Stapled considerations

Fund restructurings have entered the mainstream, which means GPs need a better understanding of the legal and compliance risks involved in the strategy, write Gibson Dunn lawyers Candice Choh and Shawn Domzalski.

Fund restructuring is no longer a novel concept. A GP recapitalisation – whether a realisation, rollover, or something in between – can be a solution to the problem of having a fund slip into “zombie” status, a tool to address succession issues, a strategy to satisfy investors’ desire for liquidity, or a pathway for a fund to take advantage of opportunities not available when the fund was originally formed.

Fund restructurings are practically quite complex transactions. A mergers and acquisitions aspect may be layered on top of the fund restructuring issues, and issues surrounding new fund formation are often present.

The restructuring transaction requires the parties – the sponsor of the fund itself and the LPs of the existing fund (plus any new LPs coming in) – to focus on issues which don’t necessarily present themselves in a typical fund transaction, as well as more typical issues, such as valuation of the portfolio companies and other investments of the fund.

The restructuring transaction may take the form of a term extension, coupled with revisions to key terms of the fund agreement, which in addition to resetting carry, may include performance targets for the GP to meet, as a way to address concerns of LP who are rolling over. A fund can be “recapitalised,” with some LPs exiting as new LPs come in, or the GP can sell the funds’ assets to a newly-formed fund, buy out existing LPs who wish to exit, and ask new LPs to subscribe to the new fund.

Managing conflicts of interest 

Some of the most significant considerations confronted in any recapitalisation transaction are conflict-of-interest issues. In order to properly address potential conflicts, the GP should take great care to provide fulsome disclosure to both existing and prospective LPs.

Failure to fully inform investors of potential conflicts may impose significant risk on the GP. Section 206 of the Investment Advisers Act of 1940 provides that investment advisors may not “engage in any act, practice, or course of business which is fraudulent, deceptive, or manipulative”. A suit predicated on inadequate disclosure could potentially also be brought based on the language of the fund agreement.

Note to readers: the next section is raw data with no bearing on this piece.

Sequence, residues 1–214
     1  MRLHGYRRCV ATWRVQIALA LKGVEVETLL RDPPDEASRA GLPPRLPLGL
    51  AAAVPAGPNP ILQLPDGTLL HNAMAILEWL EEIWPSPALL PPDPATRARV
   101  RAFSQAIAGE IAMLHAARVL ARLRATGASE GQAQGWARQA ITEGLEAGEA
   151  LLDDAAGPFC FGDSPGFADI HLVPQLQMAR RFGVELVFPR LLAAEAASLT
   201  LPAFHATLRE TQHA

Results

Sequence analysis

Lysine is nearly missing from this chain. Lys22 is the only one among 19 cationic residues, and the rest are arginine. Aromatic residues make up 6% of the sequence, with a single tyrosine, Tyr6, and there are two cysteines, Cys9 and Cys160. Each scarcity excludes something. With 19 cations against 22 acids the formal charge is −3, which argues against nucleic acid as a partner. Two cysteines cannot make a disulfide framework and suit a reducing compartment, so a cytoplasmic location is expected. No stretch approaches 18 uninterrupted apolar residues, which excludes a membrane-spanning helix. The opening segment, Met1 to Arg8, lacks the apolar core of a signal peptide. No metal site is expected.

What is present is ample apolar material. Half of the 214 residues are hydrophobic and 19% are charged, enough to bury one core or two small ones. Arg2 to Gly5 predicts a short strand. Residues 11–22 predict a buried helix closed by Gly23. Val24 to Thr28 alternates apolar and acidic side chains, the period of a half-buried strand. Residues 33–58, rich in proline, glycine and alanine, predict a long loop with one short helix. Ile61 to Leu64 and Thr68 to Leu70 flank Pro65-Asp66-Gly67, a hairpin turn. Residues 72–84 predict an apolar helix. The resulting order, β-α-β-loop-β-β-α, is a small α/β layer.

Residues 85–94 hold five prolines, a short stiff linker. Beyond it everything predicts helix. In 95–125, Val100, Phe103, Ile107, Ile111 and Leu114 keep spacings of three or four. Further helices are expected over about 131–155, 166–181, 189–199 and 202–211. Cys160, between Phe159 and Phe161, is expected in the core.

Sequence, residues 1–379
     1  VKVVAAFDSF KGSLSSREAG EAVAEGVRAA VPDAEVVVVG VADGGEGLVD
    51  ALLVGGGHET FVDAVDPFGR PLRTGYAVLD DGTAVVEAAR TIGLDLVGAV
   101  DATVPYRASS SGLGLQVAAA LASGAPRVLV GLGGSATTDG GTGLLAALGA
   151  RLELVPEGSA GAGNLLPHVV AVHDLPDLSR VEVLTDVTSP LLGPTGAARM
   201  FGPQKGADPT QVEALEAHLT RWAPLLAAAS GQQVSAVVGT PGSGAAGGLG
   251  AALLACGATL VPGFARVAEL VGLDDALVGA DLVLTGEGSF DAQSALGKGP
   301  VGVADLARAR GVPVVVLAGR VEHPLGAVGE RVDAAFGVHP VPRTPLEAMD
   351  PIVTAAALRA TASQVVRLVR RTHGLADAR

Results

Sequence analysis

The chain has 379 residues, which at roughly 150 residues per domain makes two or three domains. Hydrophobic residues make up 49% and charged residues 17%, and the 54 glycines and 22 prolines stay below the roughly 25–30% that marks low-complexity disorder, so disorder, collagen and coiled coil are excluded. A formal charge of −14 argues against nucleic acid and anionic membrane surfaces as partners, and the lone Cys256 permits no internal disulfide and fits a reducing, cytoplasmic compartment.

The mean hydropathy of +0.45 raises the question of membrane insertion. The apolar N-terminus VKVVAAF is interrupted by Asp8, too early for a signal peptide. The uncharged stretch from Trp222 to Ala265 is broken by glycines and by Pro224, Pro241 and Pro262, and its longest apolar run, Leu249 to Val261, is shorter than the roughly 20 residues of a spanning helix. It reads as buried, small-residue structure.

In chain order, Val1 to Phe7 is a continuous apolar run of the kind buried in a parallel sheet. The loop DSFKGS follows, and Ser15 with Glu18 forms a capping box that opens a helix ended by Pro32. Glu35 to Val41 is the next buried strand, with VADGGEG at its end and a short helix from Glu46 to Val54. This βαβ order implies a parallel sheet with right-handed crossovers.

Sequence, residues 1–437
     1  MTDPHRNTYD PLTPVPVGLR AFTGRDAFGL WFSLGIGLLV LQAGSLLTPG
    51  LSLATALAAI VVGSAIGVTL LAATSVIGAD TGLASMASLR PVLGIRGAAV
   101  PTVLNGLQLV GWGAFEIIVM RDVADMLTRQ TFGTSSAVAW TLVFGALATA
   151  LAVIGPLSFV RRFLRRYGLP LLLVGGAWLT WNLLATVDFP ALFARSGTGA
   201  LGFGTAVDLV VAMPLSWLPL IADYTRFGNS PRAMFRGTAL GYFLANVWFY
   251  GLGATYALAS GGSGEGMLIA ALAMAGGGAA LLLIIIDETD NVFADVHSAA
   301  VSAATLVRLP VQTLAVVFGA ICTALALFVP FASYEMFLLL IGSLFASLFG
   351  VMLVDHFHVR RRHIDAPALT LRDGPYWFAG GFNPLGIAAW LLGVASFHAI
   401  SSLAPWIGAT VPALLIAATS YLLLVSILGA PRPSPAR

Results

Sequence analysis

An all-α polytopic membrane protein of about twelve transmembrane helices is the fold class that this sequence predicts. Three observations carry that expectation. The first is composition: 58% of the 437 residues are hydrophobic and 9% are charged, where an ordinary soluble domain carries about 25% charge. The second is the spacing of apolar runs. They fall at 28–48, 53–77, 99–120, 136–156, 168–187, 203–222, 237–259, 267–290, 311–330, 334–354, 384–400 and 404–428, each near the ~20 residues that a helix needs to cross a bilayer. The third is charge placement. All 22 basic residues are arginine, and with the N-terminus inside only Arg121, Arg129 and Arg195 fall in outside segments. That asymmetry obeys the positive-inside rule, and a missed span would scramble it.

Special attention must also be given to the fiduciary duties the GP owes the existing LPs, as these have the potential to give rise to further conflicts. The GP often stands on both sides of a proposed recapitalisation transaction, owing duties to the LPs of the existing fund, as well as to the prospective LPs of the new fund. Furthermore, the GP will be motivated by its own interests, potentially benefiting from the ability to bring stapled funding into the successor fund, reset carry, reap transaction fees from the recapitalisation, and have new dry powder to deploy. And, the interests of the LPs themselves are unlikely to all be aligned.

It cannot be stressed enough the amount of time and thought which needs to be dedicated to exploring the conflict issues arising from a recapitalisation. Disinterested third parties should be engaged to value the assets being transferred, and consideration should be given to hiring separate counsel for the new fund, at least with respect to the acquisition of assets from the fund being recapitalised. The GP should work closely with its advisors to determine what its preferred restructuring outcomes look like, and craft a presentation for the LPs which addresses their concerns while meeting the objectives of the fund managers.  Then, that preferred outcome can be paired with the information the GP already has, to create a roadmap showing how to get from where the fund currently is, to where the GP wants the fund to go.

Regulators watching  

The many potential conflicts arising from these situations, coupled with the increasing frequency of recapitalisation transactions, has attracted the attention of the Securities and Exchange Commission (SEC). The SEC’s Private Fund Unit has indicated its interest in focusing on such transactions, with a particular focus on “stapled secondary transactions,” where, in the SEC’s view, “new capital is diluted to the secondary sale.” Igor Rozenblit, co-head of the private funds unit in the SEC’s Office of Compliance Inspections and Examinations indicated as recently as June that the SEC will explore whether such transactions are fair to LPs, or require them to choose among bad options, a determination which is unlikely to have a universally-applicable answer, given the variety of motivations and interests different LPs are likely to have.

The complexities arising from fund recapitalisations, and the increased SEC focus on such transactions, should motivate fund managers to be exceedingly cautious when proceeding with a fund recapitalisation. While there may be excellent reasons to do a fund recap, and the outcome may be positive for all stakeholders, the considerations outlined above require that a careful, thoughtful approach, particularly with respect to disclosure of conflicts, is called for.

Candice Choh is a partner in law firm Gibson Dunn & Crutcher’s private equity practice in the Century City office, and Shawn Domzalski is an associate with the private equity practice in Los Angeles.  

This story was initially published in Private Funds Management.